Exposure to VOCs can cause short-term effects and long-term effects depending on the concentration and exposure duration. You may experience any of the following:
- Eye, nose and throat irritation.
- Loss of coordination.
- Cancer (4).
Carbon monoxide (CO) is a colorless and odorless gas resulting from incomplete oxidation of carbon. Improperly vented gas stoves or other gas appliances, such as water heaters, will increase carbon monoxide.
High levels of carbon monoxide can be fatal to humans. This is because it deprives the brain and other organs of oxygen. It can lead to nausea, unconsciousness and eventually death (5).
Secondhand smoke is what affects non-smokers who live with a smoker. People who are exposed will often have the same effects as an active smoker. The only way to eliminate secondhand smoking is by eliminating indoor smoking.
Some of the more severe side effects of secondhand smoking are lung cancer, heart diseases and heart attacks. You might also experience the following:
- Increased phlegm.
- Shortness of breath.
- Wheezing (6).
Carbon dioxide (CO2) is an odorless and colorless gas emitted mainly by humans. It’s actually our metabolic process as we breathe out.
As you can imagine, carbon dioxide levels are significantly higher indoors compared to outdoors. This is especially so if there are many people in a given space. High levels of carbon dioxide can cause:
- Loss of consciousness (7).
You might be familiar with the ozone layer — a gas that protects us from the strong rays of the sun. However, it can also be produced at ground level, which is dangerous to our health. Ozone in a home is usually sourced from electric devices, such as air ionizers.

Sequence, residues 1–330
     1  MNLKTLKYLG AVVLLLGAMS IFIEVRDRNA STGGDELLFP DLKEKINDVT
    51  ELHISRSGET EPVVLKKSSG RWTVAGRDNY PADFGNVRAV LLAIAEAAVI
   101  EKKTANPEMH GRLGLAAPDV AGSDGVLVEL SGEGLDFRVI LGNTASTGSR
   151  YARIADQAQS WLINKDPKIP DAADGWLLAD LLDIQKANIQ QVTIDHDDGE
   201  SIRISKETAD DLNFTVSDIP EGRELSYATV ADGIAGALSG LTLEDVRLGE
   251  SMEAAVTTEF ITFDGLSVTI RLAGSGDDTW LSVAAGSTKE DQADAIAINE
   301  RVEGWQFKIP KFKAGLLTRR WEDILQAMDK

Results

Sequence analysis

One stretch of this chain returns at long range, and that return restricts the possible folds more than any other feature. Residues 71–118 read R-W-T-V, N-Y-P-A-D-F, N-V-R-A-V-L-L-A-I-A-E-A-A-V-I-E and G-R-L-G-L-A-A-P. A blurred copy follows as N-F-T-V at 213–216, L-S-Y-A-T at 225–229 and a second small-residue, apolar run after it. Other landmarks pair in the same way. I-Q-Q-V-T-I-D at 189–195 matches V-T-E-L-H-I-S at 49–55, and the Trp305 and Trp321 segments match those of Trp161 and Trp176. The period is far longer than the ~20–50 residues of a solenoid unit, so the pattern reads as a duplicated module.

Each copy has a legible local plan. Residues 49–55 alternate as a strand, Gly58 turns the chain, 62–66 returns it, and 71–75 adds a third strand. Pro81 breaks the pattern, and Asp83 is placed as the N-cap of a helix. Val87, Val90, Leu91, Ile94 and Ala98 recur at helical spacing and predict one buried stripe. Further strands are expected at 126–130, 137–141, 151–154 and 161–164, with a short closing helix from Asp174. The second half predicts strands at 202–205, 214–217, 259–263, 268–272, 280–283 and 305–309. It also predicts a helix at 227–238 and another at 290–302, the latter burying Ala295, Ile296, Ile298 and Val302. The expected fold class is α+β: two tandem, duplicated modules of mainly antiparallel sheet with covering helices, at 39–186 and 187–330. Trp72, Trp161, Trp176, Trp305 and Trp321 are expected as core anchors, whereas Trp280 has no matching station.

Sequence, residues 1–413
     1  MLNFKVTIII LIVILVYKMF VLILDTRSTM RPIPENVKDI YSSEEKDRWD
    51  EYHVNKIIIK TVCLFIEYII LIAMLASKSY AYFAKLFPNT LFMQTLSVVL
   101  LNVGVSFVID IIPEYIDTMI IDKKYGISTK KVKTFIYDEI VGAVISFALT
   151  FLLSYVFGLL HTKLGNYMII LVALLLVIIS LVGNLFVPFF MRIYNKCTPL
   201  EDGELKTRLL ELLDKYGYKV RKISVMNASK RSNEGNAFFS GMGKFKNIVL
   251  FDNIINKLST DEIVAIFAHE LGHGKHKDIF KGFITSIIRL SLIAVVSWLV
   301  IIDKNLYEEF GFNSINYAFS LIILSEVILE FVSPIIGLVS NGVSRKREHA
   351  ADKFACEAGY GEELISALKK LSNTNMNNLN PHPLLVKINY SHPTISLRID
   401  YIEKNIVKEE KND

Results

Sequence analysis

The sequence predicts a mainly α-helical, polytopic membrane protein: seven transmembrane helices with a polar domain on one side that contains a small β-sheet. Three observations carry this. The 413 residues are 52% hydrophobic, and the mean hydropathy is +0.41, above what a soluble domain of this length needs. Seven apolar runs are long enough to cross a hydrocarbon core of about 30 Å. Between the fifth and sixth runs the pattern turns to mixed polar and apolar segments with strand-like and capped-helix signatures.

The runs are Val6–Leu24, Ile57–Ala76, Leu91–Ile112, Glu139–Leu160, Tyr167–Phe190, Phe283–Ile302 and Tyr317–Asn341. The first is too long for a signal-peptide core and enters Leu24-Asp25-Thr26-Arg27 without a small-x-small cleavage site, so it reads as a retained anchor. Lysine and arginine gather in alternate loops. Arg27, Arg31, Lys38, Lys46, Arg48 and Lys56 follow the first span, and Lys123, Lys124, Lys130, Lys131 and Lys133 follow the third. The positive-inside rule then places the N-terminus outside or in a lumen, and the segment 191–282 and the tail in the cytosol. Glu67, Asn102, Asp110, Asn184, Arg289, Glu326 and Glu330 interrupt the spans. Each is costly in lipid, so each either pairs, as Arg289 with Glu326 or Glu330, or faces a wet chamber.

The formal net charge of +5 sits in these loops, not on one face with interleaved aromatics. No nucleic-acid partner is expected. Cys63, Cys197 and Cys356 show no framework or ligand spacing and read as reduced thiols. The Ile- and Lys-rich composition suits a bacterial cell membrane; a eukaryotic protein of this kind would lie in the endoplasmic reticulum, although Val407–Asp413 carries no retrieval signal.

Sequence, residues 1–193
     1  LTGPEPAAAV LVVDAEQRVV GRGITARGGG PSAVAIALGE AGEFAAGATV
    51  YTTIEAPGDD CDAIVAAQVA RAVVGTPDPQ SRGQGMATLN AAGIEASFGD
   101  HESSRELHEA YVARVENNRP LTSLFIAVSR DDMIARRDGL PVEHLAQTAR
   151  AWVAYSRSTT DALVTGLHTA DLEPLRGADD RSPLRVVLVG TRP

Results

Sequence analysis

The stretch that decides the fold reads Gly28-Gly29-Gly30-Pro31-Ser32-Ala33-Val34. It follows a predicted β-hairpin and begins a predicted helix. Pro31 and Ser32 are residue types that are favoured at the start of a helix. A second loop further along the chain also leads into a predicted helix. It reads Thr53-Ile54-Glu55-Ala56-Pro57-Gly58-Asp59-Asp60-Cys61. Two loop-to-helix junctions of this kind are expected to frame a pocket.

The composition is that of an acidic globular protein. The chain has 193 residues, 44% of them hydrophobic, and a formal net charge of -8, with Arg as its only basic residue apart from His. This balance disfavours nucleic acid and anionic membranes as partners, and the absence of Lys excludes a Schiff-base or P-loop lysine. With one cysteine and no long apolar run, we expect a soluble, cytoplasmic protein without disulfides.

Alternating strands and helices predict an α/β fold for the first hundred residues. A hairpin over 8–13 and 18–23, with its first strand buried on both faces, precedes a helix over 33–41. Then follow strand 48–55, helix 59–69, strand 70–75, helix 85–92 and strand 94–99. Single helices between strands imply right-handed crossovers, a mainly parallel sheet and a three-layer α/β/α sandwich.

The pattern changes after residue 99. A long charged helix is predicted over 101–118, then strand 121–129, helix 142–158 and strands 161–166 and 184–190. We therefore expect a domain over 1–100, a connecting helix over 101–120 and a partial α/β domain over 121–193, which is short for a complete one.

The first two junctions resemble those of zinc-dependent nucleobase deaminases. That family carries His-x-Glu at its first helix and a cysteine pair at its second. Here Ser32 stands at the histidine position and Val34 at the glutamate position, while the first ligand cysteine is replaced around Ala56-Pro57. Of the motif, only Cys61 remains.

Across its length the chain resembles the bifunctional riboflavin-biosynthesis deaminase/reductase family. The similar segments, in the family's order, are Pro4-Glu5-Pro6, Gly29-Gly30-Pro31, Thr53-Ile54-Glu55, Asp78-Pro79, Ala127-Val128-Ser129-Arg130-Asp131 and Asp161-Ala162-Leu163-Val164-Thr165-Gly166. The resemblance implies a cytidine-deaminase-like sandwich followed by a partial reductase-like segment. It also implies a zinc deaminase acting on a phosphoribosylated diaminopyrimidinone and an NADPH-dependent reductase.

It can also be a by-product of other pollutants, such as nitrogen oxides and VOCs. When these are exposed to sunlight or stagnant air they produce ozone. Ozone can cause the following:
- Breathing difficulties.
- Shortness of breath or painful breathing.
- Coughing and sore throat.
- Aggravated asthma.
- Chronic obstructive pulmonary disease (8).
Dust and Dust Mites
Dust is one of the most common pollutants inside a home and it’s hard to avoid having a bit of dust. Dust particles are tiny and can stay afloat in the air, making you more likely to inhale them.
Dust mites feed on dead human skin cells. They can be found in bedding, carpets, upholstery, curtains, mattresses and other places in a home. When inhaled, dust and dust mites can cause allergic reactions as well as trigger asthma (9).
Dander is another very common household pollutant; it’s skin shed commonly from your pets. Dander can cause allergic reactions, depending on how sensitive you are. Some people might not be affected, while others will experience serious reactions (10).
Asbestos is a building material used in houses and structures up until 1975. If you live in a house built before this time, chances are there’s a significant amount of asbestos used. You might also find this in insulation, shingles, within floor tiles and more.